Ali Anani en Lifestyle, beBee in English, Social Media 15/11/2016 · 2 min de lectura · 3,5K

Adaptations to Emotional Flooding

Adaptations to Emotional Flooding

I am not discussing the flooding of markets with products. I am not discussing the flooding of information. I am interested in this buzz to talk about emotional flooding and its consequences. I am tempted to write this buzz having read the buzz of @Lisa Vanderburg titled "Brad Fergusson: ring a bell? The comments on the buzz reveal the extent to which innocent people suffered from this guy taking their money illegitimately to attend a conference that never was.

The combined feeling of loss, guilt, being cheated, anger may result in high levels of emotional floods that cause the body all sorts of problems. We are not different from trees which are waterlogged or submerged in waters. These trees suffer from stress because too much water deprives the roots from oxygen and the carbohydrates that trees need for breathing. Trees adapt by many ways such as shifting to fermentation to cover their needs for lacking oxygen in water. Trees adapt their roots as well by developing air spaces in the roots and stems which allow diffusion of oxygen from the aerial portions of the plant into the roots. Trees follow a combined strategy of avoidance and adaptation to meet the challenges of flooding.

Adaptations to Emotional Flooding

We humans are the same when we get immersed in the floods of negative emotions. The metabolism of our bodies change. Our rate of breathing increases. Our heart pulses go up. Trees purposefully change their metabolism; else they die. We need to be aware of situations that flood us with negative emotions and send our bodies "astray". Our bodies respond by releasing stress hormones and the more flooded we are, the more stress hormones our bodies release. Our bodies are integrated and the effect of stress transfers to all parts of our bodies.  Adrenaline increases your heart rate, increases respiration, increases sweat, slows digestion and these lead to more severe health problems. The spiral effects of flooding negative emotions take their grip on our bodies.

The more we think about the bad experiences, the more we allow the feelings of remorse build up. We may reach a stage whereby we start we look down at our selves, hate us and the emotional flooding increases. The horny actions of one person escalate our negative feelings going from feeling sad to rejected, upset, devastated and up to depressed. This combines with the negative feelings starting from stressed to distress. The combinations of these feelings flood us and we get immersed in them. We are like trees immersed in water and finding survival a big challenge to meet.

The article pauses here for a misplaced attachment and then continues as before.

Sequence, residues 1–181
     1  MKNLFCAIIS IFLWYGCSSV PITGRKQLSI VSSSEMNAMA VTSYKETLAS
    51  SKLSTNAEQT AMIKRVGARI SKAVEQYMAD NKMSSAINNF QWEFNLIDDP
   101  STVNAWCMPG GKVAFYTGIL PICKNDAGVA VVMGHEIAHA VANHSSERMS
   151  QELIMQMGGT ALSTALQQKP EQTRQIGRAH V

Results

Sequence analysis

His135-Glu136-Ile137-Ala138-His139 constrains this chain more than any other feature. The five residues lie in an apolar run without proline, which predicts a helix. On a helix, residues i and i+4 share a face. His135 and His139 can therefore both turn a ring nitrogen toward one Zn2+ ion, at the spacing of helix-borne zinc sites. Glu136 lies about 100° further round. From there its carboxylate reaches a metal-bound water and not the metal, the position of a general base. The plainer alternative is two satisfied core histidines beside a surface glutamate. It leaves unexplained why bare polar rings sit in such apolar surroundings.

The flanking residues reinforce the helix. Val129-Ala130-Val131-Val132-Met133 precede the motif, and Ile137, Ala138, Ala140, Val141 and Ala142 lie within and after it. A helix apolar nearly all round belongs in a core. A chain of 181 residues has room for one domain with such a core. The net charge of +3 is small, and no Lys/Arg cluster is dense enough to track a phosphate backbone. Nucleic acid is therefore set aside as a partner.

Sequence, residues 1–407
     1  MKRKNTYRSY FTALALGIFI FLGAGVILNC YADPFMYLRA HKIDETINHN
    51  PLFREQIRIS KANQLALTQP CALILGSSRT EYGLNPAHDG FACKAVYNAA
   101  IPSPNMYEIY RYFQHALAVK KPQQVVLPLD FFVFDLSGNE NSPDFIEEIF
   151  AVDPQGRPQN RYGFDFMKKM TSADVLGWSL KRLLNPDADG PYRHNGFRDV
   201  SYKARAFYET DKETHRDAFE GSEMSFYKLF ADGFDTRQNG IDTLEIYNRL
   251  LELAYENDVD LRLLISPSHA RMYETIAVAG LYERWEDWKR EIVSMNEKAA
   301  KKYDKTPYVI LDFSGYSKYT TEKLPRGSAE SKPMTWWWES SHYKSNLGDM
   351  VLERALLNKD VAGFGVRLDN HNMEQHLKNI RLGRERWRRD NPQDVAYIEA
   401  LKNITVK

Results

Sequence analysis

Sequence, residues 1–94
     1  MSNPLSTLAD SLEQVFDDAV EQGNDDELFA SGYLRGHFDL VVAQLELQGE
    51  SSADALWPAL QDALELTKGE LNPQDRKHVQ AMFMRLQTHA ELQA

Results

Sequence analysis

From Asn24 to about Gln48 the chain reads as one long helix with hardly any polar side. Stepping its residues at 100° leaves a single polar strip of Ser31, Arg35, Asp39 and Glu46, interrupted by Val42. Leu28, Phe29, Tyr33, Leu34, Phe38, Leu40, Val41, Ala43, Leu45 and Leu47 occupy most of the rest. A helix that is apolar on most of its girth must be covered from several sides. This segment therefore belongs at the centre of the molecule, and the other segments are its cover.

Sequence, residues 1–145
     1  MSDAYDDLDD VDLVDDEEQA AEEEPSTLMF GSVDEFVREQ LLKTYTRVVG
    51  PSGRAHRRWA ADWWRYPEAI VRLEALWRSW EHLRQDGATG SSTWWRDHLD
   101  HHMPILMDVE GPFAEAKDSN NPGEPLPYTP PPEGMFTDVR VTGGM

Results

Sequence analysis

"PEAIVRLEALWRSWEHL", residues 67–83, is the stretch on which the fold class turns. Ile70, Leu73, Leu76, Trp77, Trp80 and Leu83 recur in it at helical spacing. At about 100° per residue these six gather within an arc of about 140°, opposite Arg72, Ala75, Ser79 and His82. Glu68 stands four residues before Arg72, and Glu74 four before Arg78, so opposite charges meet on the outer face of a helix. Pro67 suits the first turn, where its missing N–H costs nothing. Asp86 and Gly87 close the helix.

Negative emotions distort our thinking and in turn our distorted thinking distorts our actions. This happens at the same time we need to calm our thinking, to find alternative ways to avoid thinking about the past and see bad experiences as a learning opportunity. We need to train our breathing to control the ill-effect of the stress resulting from emotional flooding. We need to see the world in new eyes.

The direct financial losses are less important than the cost of having flooding negative emotions. We need to control those emotions or else they shall flood us with terrible consequences. Brad Fergusson didn't only steal money; more he stole the balanced life of people. We need to make him a loser by not letting him immerse us in the negative emotions of his evil actions. This is the way to defeat people of his kind. We need strength to do that. This is only possible if we may turn the negative emotions that flooded some of us into a horse power.



Ali Anani 17/11/2016 · #75

I responded to the great comments on this buzz in a buzz titled "The Positive Side of Negative Emotions"

https://www.bebee.com/producer/@ali-anani/the-positive-side-of-negative-emotions

I am deeply grateful to all commenters who inspired the idea of this new buzz

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Ali Anani 16/11/2016 · #74